I am writing to express my support for the positive changes proposed by the district with respect to food policy. It is exciting that the district has been proactive in including students, parents, health providers, educators, and policy makers. As a pediatrician working with childhood obesity and childhood diabetes, I believe our schools do- and can have an even more positive influence- on the health of our children.
We are all struggling with the epidemic of childhood obesity, its costs, ramifications, and its effect on children and their families. We need to address this problem though our families, through our communities, and definitely through our schools. We continue to “leave many children behind” when it comes to healthy nutrition and physical activity. The State of California has shown that children with greater fitness levels, also have greater academic levels. Supporting an environment for achieving this is imperative for our children.
Healthy food choices should always be offered even if it means different fund raising methods in our schools including removing soda, and other unhealthy food practices. It is time for the Board to look carefully at how they can help be part of the solution regarding this problem and the long-term health of our students.
At Moore Elementary School, fourth-grader Michael Turri looks forward to 30 minutes of jump-rope at the start of the day.
“It really gets my brain going,” said the 10-year-old. “You need to do this stuff to get through life.”
That’s one of the approaches this suburban Nashville school takes to thwart a growing childhood obesity problem. Students at Moore are required to take PE every day.
Now, some state lawmakers are pointing to Moore as a model for the state in a plan to set tougher phys ed standards for all schools
Trying to shrink the growing waistlines of children, lawmakers want to expel soda, candy bars, chips and other junk food from the nation’s schools.
Dangerous weight is on the rise in kids. This week, the federal Centers for Disease Control and Prevention said the rate of obese and overweight kids has climbed to 18 percent of boys and 16 percent of girls. Four years ago, the number was 14 percent.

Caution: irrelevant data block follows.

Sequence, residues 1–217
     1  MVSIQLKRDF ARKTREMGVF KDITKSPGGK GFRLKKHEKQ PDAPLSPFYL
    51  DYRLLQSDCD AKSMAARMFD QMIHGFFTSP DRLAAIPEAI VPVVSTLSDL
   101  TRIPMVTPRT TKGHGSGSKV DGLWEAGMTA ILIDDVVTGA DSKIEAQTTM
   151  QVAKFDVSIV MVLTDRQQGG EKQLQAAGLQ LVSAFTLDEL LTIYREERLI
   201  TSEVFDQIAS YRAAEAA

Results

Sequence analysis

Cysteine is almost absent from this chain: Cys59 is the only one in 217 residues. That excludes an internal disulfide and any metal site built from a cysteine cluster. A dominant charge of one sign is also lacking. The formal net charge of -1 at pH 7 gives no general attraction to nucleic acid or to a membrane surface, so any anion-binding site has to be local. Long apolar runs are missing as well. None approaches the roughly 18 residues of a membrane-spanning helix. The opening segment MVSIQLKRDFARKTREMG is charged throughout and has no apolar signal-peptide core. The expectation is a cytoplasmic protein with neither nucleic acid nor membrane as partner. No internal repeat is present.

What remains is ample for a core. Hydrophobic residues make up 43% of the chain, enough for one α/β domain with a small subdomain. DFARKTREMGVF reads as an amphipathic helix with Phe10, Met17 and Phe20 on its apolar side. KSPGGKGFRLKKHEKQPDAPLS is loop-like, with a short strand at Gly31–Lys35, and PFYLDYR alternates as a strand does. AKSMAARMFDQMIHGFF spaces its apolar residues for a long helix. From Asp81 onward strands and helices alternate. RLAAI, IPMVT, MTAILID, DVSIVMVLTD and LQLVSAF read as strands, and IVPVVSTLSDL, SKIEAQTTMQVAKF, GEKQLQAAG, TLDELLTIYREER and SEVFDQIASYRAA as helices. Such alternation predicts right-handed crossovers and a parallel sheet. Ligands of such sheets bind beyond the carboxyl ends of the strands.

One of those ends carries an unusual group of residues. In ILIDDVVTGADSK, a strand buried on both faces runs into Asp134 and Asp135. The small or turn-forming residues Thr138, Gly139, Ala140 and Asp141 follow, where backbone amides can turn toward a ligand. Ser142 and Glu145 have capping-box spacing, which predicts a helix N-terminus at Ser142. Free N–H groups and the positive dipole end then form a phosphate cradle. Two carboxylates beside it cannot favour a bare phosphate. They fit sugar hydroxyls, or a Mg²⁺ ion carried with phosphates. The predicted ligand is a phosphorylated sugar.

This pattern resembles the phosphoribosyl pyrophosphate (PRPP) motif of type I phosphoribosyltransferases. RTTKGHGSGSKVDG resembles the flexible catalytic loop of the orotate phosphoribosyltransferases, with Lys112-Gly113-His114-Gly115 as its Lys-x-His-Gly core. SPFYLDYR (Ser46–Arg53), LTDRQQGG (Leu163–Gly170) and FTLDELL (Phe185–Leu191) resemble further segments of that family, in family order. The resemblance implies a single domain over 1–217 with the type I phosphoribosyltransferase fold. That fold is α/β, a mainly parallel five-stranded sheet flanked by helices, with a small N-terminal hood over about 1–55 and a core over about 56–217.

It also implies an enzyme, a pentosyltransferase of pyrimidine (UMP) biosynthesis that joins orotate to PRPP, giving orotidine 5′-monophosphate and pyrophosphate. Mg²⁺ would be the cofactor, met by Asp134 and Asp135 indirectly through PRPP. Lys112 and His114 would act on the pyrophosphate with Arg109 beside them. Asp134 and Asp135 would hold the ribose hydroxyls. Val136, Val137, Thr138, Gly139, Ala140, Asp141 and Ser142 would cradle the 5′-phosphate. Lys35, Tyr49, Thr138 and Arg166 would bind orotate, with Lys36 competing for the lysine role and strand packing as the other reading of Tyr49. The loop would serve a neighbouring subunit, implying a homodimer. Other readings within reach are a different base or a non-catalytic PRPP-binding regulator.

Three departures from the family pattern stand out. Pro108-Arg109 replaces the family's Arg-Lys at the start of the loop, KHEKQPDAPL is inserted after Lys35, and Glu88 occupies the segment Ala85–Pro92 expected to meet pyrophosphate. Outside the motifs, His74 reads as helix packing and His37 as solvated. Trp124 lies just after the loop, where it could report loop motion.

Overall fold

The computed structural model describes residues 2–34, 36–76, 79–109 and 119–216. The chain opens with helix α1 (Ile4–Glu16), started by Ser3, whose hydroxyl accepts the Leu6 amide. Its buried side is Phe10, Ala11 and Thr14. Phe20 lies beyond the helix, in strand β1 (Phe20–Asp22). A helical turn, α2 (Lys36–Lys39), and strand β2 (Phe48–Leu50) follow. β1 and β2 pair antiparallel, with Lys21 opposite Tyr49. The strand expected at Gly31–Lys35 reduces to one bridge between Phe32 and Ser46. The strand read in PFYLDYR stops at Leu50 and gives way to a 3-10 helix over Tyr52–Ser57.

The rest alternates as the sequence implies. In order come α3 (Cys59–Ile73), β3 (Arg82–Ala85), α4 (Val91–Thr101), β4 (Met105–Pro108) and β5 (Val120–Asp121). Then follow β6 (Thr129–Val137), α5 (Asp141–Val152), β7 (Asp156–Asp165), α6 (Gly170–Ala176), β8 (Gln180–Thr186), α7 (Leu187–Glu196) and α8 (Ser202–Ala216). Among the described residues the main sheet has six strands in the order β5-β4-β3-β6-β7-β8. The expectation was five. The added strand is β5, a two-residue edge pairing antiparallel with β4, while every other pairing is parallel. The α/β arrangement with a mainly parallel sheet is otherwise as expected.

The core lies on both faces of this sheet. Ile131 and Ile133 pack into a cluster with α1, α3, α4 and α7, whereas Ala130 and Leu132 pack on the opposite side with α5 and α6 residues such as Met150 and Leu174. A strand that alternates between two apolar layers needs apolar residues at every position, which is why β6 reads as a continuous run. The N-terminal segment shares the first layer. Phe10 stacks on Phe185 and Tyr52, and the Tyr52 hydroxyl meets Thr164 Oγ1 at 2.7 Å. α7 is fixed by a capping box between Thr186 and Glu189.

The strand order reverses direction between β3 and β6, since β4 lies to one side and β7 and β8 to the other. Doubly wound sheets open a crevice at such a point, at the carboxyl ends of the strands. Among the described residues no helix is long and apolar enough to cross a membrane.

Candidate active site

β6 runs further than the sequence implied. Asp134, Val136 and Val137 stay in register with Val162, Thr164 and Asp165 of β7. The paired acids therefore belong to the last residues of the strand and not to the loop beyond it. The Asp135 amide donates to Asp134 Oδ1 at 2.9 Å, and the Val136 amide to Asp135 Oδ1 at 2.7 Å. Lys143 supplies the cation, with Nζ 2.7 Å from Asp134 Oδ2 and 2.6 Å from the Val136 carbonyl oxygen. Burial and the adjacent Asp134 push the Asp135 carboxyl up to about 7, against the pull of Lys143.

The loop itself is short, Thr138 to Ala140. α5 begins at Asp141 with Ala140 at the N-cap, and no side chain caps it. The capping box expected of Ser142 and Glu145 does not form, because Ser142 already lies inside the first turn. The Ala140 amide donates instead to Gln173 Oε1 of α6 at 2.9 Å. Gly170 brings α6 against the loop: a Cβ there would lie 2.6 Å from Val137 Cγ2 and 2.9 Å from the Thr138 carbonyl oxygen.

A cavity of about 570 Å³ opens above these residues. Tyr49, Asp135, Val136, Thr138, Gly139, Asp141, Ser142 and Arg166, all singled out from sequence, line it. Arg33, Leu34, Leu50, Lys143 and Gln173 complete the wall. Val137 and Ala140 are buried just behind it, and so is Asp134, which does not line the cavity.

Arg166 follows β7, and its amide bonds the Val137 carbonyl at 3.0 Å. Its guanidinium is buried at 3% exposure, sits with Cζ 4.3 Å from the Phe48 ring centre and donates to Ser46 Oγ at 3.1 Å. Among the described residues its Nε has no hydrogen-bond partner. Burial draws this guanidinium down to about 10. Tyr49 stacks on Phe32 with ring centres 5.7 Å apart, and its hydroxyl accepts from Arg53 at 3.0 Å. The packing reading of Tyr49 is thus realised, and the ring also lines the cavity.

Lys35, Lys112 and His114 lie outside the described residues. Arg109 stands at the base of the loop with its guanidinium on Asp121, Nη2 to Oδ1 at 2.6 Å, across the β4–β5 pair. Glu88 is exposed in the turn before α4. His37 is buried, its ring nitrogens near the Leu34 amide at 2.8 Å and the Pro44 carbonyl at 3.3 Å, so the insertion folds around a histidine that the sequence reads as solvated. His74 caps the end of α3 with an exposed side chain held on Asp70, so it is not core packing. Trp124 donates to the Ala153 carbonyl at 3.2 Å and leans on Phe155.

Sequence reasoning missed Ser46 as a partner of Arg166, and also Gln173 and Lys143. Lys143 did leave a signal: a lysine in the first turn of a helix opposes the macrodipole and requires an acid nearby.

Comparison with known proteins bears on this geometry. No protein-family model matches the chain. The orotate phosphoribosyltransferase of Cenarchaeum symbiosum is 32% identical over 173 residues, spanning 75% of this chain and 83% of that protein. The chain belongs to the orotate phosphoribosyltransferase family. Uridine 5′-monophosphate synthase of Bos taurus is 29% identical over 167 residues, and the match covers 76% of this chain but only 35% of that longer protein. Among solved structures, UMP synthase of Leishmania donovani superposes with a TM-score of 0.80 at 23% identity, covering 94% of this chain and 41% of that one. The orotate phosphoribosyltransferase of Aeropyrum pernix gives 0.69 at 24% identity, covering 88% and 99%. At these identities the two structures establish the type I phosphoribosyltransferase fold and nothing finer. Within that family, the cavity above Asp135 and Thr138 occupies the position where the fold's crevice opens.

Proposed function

Lawmakers blame high-fat, high-sugar snacks that compete with nutritious meals in schools.
“Junk food sales in schools are out of control,” Senator Tom Harkin, D-Iowa, senior Democrat on the Senate Agriculture, Nutrition and Forestry Committee, said Thursday. “It undercuts our investment in school meal programs and steers kids toward a future of obesity and diet-related disease.”
Schools are under an incredible strain to simply educate children — let alone medicate them — so it’s hardly surprising that dispensing drugs at school leads to an alarming number of errors. The surprise is that parents and doctors don’t work harder to prevent them.
The laws requiring schools to dispense drugs were designed to protect children with medical problems, such as asthma and diabetes. Such kids wouldn’t be safe at school if their medications weren’t available.
ut a large, and growing, number of children are taking a wide variety of medications, including psychoactive drugs, that frequently have little to do with safety. Instead, the drugs are often prescribed — at least in part — to improve attentiveness and concentration and to enhance academic performance.
The resulting burden for schools is enormous. About 5% of children receive medication during a typical school day. Each year, the Los Angeles Unified School District dispenses about 450,000 doses of medications.